Van Winkle drove past the door of Room 110 at the Rodeway Inn. She saw two males smoking and a vehicle with Texas license plates. Since she was unable to record the license plate without drawing suspicion, she asked Daugherty to drive through the motel parking lot and gather the plate information. Ultimately, the officers were able to record the full license plate number, and after running the number through dispatch, they confirmed the vehicle was registered to Yulio Cervino-Hernandez.

         The officers' criminal history search revealed Cervino-Hernandez was the subject of an active misdemeanor warrant out of Hall County, Nebraska. They reviewed a photograph of Cervino-Hernandez. Van Winkle consulted with Investigator M. Glenn Kemp from the Central Nebraska Drug and Safe Streets Task Force. Kemp decided that due to Cervino-Hernandez's transitory presence at the hotel, the officers would promptly execute the arrest warrant and conduct a "knock and talk" to perhaps uncover whether Cervino-Hernandez was offering to supply methamphetamine for sex. At that time, the officers believed they lacked probable cause to obtain a warrant to search the hotel room for drugs.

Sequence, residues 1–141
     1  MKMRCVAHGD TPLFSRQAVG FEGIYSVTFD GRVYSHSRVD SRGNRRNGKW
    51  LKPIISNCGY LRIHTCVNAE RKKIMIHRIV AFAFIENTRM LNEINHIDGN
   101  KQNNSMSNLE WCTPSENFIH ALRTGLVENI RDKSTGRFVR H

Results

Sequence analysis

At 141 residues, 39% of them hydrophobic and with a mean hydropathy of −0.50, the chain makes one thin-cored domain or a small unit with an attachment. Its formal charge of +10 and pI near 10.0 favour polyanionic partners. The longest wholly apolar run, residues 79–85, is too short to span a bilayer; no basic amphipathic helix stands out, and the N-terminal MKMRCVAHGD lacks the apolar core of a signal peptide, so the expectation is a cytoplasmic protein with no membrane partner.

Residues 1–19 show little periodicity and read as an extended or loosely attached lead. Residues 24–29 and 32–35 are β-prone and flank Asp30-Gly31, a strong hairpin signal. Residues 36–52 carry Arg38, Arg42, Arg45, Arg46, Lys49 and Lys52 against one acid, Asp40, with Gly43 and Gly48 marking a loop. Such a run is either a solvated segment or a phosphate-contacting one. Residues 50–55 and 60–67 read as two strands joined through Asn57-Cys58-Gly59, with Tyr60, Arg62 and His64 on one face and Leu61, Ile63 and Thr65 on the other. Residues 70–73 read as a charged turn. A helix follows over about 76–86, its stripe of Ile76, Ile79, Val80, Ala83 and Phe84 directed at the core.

The officers met at the Garden Cafe a couple blocks north of the Rodeway Inn to discuss the situation and determine how the arrest warrant would be executed. They decided Van Winkle would remain at the Garden Cafe location watching with binoculars while the other officers went to the scene; Kemp would knock on the door of the hotel room; and Deputy Sheriff Mike Poplau and Daugherty, who were both in uniform, would stand several feet away on opposite sides of the motel room door.